15 Hot Takes From Around The Internet About 'The Legend Of Korra'

List Rules
Vote up the spiciest 'Legend of Korra' takes.

Every Avatar fan has an opinion on The Legend of Korra. It's hard not to when so many fans hold the original series so close to their hearts. Because LoK is a very different show than its predecessor, fans have had very different reactions over the years, some of which they've posted across the internet in the form of hot takes, unpopular opinions, and unconventional analyses. 


  • 1
    253 VOTES

    General Iroh II Should Have Had More Of A Storyline

    General Iroh II Should Have Had More Of A Storyline
    Photo: user uploaded image

    From Tumblr user blobfishmiffy

    So, I've recently rewatched LoK, and I have to say that I'm finding myself wishing that General Iroh II had been a bigger character. He's an absolute cutie and I really would've loved to see more of him and his personality and his relationships with different characters. How old is he exactly? Who's his dad? Has he got any siblings? How is his relationship with his mom, Izumi?? How is he in the company of the gang when it's in a casual setting? Where are the interactions with his gramps, the magnificent emo-lord Zuko?? Where are more interactions with Bolin, and Korra, and Asami, and Mako, and Lin, and just everyone???

    It's a crime the writers haven't made him a larger character (or I'm just extremely bitter).

  • 2
    224 VOTES

    'LoK' Needed More Fire Nation Scenes

    From Reddit user maybeitwill

    There wasn't enough Fire Nation. I wondered if we would even get a glimpse of it. I knew we'd hear the new Fire Lord speaking at some point but they barely even showed us the Fire Nation.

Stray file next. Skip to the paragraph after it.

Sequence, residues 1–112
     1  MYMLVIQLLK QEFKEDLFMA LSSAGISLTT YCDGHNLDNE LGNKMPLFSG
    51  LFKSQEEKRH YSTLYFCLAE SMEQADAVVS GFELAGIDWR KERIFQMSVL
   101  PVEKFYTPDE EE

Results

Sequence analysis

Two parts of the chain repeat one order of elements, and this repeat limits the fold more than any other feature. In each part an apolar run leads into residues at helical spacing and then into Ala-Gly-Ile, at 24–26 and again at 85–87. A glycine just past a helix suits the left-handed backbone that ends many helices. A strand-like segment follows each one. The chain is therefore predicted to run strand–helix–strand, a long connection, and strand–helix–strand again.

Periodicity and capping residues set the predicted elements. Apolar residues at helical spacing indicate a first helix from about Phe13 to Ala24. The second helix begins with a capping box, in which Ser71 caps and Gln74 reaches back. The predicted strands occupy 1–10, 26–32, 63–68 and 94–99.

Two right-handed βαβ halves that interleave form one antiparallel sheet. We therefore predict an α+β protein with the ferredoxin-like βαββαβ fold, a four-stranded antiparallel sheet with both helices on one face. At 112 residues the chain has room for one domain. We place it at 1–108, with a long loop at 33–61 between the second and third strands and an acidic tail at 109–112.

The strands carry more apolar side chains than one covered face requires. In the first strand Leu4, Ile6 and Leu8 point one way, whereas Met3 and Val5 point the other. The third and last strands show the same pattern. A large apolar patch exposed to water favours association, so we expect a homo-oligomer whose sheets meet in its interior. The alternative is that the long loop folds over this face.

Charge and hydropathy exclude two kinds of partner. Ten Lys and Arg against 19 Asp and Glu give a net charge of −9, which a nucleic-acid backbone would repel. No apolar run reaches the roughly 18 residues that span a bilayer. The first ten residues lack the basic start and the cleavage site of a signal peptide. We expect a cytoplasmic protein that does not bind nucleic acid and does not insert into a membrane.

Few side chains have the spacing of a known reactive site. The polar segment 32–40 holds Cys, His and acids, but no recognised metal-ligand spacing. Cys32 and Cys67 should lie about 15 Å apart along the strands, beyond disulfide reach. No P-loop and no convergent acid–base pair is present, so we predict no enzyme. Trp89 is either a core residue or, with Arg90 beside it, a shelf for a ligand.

From another Reddit user idunno421

    Absolutely true, I completely forgot about the Fire Nation! I remember in Book 3 wanting to know all about it, especially after seeing Zuko.

  • 3
    251 VOTES

    Korra Missed One Crucial Opportunity

    From Tumblr user sensicalabsurdities

    Opinion, not sure about the popularity: Legend of Korra did NOT milk the humor of Korra technically being Tenzin's dad anywhere NEAR enough.

  • 4
    190 VOTES

    'LoK' Villains Are Some Of The Most Interesting Characters

    From Tumblr user re-blogging-blog

    OKAY BUT HEAR ME OUT:

    I know that Legend of Korra is hated and looked down upon by like half the fandom, but can we just talk about the vILLAINs??

    Like, we see Amon first, right? The prodigy water/bloodbender who can take people's frikin bending away. Only the Avatar (well, only Aang, really, up to that point) was thought to be able to do that.

    Then we see Unalaq, the chief of the Northern Water Tribe fusing with the frikin' spirit of darkness and evil. He wanted to unleash spiritual chaos onto the world for 10,000 years!

    Then we see Varrick, another person of the Water Tribe. He was more like a bad guy on the good side, I guess, but technically a villain nonetheless. He was smart enough to make that silly, happy-go-lucky persona for himself. But when Mako starts to dig, we can see the way Varrick looks at Mako. It's a look that knows Mako knows he knows Mako knows.

    And then we see Zaheer, an Airbender, Ghazan, an earthbender, Ming-Hua, a waterbender, and P'Li, a combustion/firebender.

    What I'm saying is that LoK breaks down the thought that firebenders are the bad guys and everyone else is good.

    For most of ATLA, we were shown the good guys being airbenders, waterbenders, and earthbenders. We were shown that fire was destruction (until the Sun Warriors episode) and that water was life (until "The Puppet Master" episode).

    LoK doesn't distinguish villains being in only one nation. It showed that villains were everywhere and no one nation was good or bad. It was the people themselves who chose who they wanted to be, and their actions influenced the way the viewers(and the people in the show) saw the nation the villain came from.

    This is a generalization, and I think LoK did a pretty good job showing the fact that people are their own selves, and not the face of their respective nations.